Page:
While the whole verse novel is concerned with the position of a woman as a professional, it is not until the Fifth Book that Browning actually uses the phrase "the Woman's question." This public debate involved the issues of employment, education, property rights, voting, and equality in marriage, all of which were supported by Browning. A specific instance is alluded to in the Third Book with the lines "As ready for outrageous ends and acts / As any distressed sempstress." One of the few occupations open to Victorian women was that of a seamstress, yet they were so poorly paid and work was so scarce because of the overabundance of women in the trade that many seamstresses turned to prostitution as an income supplement. The situation was so common that just being a seamstress called one's virtue into question. An example of the desperation of women is given in the character of Rose Bell, Marian's sweet childhood friend who becomes a prostitute. In another reference to the problem of prostitution, in the Eighth Book, Browning mentions the huge numbers of women engaged in the illicit profession in London: "With eighty thousand women in one smile, / Who only smile at night beneath the gas."

Prostitutes often committed suicide because of their situation, however. Since they worked the docks, it was convenient for them to jump to their deaths in the river, be it the Thames in London or the Seine in Paris. Browning refers to this practice in the Seventh Book when Marian says, "I might sleep well beneath the heavy Seine, / Like others of my sort." Since decent people were not supposed to talk about prostitutes, Browning was highly criticized for making this occupation such a prominent topic in Aurora Leigh. Browning even dared to include in Marian's story references to "the stews," which were brothels, and to "the poor street-walker."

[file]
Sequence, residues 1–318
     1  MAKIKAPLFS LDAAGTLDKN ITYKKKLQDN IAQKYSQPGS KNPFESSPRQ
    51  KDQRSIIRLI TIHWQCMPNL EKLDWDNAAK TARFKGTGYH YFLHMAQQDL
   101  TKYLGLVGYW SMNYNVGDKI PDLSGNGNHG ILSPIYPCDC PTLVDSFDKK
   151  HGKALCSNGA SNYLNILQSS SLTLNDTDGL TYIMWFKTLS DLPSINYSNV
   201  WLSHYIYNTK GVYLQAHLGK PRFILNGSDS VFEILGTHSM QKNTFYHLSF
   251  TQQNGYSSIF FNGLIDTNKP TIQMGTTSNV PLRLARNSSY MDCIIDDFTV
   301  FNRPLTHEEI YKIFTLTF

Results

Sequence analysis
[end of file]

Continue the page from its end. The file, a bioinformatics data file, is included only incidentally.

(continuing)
Another common expression referred to the "charming woman," as referenced in the Fifth Book. This type of woman was the kind that men did not want to marry because she had too strong a personality, was political, and was perhaps even forward in her speech and actions. Victorian sensibilities were such that the line in the Fifth Book "catch / Upon the burning lava of a song / The full-veined, heaving, double-breasted Age" was shocking. This juxtaposition of images of lava and a woman's breast in the same simile was too radical for the critics, but it was just the type of writing that Browning wanted to introduce into literature.

Browning intended for Aurora Leigh to be bold and shocking. As Margaret Reynolds notes in her preface to the 1996 Norton edition of Aurora Leigh, what appeals to the modern reader is that Aurora "is bold, she is brave, she is independent and liberated and, above all, she gets everything she wants in the end." Reynolds added that Aurora Leigh spoke to the anxieties of the nineteenth-century woman concerning the "exclusions and prohibitions that hedged about their aspirations" and "said things would be all right." Venturing into the forbidden territory of those subjects debated in the "Woman's question" was a way for Browning to challenge society through poetry and, in the process, to defend the claims for women's poetry. The book had a big impact when it was published, and it is worthy of study yet today.

Source: Lois Kerschen, Critical Essay on Aurora Leigh, in Poetry for Students, Thomson Gale, 2006.


Critical Overview